"I shall have the prospect of a little
peace now, I think,'' said 1, and ate my
dinner in a fool's paradite of happiness.
The single lady moved in on the mor
row. She must have moved in when I
was down town selecting some new mill
boards and color tubes for the summer
sketches that I intended to make, for when
I returned, fondly expecting once more to
enter into my kingdom of peace and seren
ity, everything was changed.
There was a banging and pounding over
head, a thumping and hammering-a sound
as if some middle-aged glantess, in hob
nailed shoes, was enjoying herself in a
I sent for the janitor in a rage.
"Is this house coming down?" said I.
"It's the new tenant a-moVln' in, sir,"
said he, apologetically.
"Does her furniture consist entirely of
Herrng's safes and square pianost" said I.
"There are two pianos, sir," said he.
"The deuce she isl" roared I. "Two pi
anosl And does she play on 'em both?"
"Don't know, sir, I'm sure," said the
man, with a distressed expression of coun
I endured the noise until midnight, and
then I sent up the jani or's wife.
"The third floor's compliments to the
fourth floor, and would like to know if this
sort of thing is to go on all night."
Down came the wonaan again.
"Fourth floor's compliments to the third
floor, and wishes to know if lie expects peo
ple to get settled without a noise."
The next day the piano-only one how
ever-commenced. I was elaborating a
skeleton for a scientitic essay, and it dis
turbed me seriously. I endiured it as long
as I possibly could, and then I had resourc'e
once more to the janitor's wife.
"Third floor's complimeints to the fourth
floor, and 'will feel obliged if she will favor
me with a little peace and quietness, long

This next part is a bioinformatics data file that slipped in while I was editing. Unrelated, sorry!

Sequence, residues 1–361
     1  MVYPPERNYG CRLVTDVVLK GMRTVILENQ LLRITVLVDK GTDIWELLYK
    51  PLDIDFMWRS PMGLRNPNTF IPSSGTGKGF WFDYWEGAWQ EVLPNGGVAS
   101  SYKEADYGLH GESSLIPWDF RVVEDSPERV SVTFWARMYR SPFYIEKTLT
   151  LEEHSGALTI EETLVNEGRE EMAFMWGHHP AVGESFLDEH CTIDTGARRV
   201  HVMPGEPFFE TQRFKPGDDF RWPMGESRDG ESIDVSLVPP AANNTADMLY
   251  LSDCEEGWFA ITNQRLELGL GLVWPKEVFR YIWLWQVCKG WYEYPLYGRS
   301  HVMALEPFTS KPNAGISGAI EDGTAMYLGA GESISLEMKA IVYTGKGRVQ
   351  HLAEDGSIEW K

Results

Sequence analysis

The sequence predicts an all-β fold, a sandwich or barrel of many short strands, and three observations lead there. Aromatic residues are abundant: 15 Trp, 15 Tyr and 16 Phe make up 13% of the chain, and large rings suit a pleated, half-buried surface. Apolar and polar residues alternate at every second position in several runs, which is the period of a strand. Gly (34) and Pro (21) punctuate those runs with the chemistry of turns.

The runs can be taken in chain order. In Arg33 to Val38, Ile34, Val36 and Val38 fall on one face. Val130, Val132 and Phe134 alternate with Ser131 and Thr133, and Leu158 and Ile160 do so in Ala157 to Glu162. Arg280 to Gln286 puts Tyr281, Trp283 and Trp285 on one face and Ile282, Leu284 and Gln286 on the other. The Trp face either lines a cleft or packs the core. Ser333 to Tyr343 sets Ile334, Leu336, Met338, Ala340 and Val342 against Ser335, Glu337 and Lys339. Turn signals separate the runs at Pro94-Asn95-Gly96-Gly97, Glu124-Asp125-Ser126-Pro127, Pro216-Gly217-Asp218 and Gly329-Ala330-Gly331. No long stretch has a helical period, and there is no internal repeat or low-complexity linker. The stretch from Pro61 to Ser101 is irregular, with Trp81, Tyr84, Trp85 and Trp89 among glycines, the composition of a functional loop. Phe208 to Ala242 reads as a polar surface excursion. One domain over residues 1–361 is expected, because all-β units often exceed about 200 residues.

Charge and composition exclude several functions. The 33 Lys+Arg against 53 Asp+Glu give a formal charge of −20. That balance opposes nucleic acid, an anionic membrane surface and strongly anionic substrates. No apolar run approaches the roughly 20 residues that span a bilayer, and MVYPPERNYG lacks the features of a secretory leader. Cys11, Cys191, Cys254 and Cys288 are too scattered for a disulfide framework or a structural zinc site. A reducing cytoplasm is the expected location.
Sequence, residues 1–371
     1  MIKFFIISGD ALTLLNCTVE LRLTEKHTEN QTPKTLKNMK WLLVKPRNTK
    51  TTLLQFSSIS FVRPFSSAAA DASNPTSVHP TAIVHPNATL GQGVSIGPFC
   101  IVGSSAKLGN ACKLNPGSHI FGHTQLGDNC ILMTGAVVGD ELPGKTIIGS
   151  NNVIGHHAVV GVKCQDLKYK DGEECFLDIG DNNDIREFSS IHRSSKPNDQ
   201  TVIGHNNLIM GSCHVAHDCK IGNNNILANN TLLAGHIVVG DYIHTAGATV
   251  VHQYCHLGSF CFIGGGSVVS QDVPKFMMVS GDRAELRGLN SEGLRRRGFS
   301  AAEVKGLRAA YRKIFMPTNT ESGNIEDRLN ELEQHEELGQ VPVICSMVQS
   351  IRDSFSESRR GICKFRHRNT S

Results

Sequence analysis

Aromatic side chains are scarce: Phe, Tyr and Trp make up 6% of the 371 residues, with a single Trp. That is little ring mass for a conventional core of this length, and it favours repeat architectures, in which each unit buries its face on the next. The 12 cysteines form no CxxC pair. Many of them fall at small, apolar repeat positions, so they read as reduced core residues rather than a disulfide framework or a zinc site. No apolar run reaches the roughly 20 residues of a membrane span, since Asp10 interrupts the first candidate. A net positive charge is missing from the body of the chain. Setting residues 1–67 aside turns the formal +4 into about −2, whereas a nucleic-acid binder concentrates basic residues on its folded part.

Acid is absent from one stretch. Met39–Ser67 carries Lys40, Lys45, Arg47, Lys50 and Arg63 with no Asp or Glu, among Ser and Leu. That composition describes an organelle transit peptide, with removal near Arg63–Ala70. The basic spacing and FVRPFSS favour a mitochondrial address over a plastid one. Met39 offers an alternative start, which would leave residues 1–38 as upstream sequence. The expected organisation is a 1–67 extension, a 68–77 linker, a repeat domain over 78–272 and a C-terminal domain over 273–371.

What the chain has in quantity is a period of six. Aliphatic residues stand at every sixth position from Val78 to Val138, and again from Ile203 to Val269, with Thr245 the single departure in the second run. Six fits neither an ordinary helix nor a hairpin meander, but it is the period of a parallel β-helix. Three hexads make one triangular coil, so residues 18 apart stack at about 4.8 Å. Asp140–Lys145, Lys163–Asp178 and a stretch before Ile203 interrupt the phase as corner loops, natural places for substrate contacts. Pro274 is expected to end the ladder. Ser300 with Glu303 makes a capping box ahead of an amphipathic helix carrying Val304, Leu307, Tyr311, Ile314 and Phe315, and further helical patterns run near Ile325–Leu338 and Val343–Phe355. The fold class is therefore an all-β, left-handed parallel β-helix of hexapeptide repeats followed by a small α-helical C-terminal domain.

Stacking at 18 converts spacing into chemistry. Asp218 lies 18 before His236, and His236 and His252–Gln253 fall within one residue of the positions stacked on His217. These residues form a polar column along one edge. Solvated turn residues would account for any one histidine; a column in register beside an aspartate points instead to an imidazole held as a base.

enough to do some necessary writing."
There was no reply, and the music ceas
But that evening, when I was begining
to solace myself with a iittle violin prac
tice in the twilight, tap, tap, iap, came the
janitor's wile at my door.
"Fourth floor's compliments to the third
floor, and will feel oblIged if he will favor
her with a little peace and quietness, long
enough to write a letter."
,flow I hate that woman!
So we lived for a month, exchlanging
constant misriles of wai fare. ':could cheer
fully have given up that miserable French
fiat and gone back to boardig, only un
luckily I had engaged it for a year. The
fourth floor elocutionized, and had friends
to select private readings, whose voices
were deeper than Hamlet's, and more so
norous than that, of Charlotte Cushmnan.
She was charitable, and had classes of
heavy-booted girls twice a week, to siing
hymns andi learn to sew, A sigle lady,
indeed! If she had been a quadruple lady
she could not have made more nolse, - nor
enjoyed the making of it more.
At the close of tihe month, however, an
incident happened which turned the
current of my whole life. I went on a pic
nIc. I don't often go to affairs of that
kind; but this was an especially select affair,
gotten up by my friend IHarold Webster.
I went, and there I met Barbara Willis,
andl fell straightway in love with her. She
wasn't exactly young, but neither am I
and to my taste a full-blown rose is sweeter
than a bud, wherever you tind it growing.
She was dark-eyed, with full cherry lips,
satin-brown hair, and a c )mplexion as fresh
as roses and( ivory. We talked--our ideas
coincided exactly. It seieed if~ our souls
were two looking.gjasses, to mirror each
"'Miss Willis," cried I, "why is it that
we have never met before? I feel as if we
were old1, old friends!''
As X spoke I gently pressed her hand,
and she smiled back unutterable things.
I went to my friend Webster, who was
making uip quadrilles on the uipper deck.
We were accompanied by an excellent brass
"Oh, IHarold," said 1, "1 can never
thank you enough for introducing me to
"Do you mean Barbara Willis," .said
lie. "Well, I do think she Is rather a flne
We grow confidential as we, sat together
oil the promiena'de deek and,. watched the
tnoonlhght ripple over the surfaco of thie
"A bacheolor's lifeois btgt half g #fe~ ls
Willis'asaid A:. .
"I can readily imagine that," said she,
"1 live in a flat." confessed I.
"Do you?" said Barbara, (the sweet, old
English name was just like her.) "Why,
how strangel So do II"
"Isn't it dreadful?" said T.
"Horridi" said she, closing her lips as
though she meant it.
"And there's a female dragon occuples
the floor above me and torments me out of
"Well, If this Isn't a remarkable coinci
dence," said Barbara. "There's a detest
able old crab of a bachelor under me, wpd
takes all the pleasure out of my existenb&"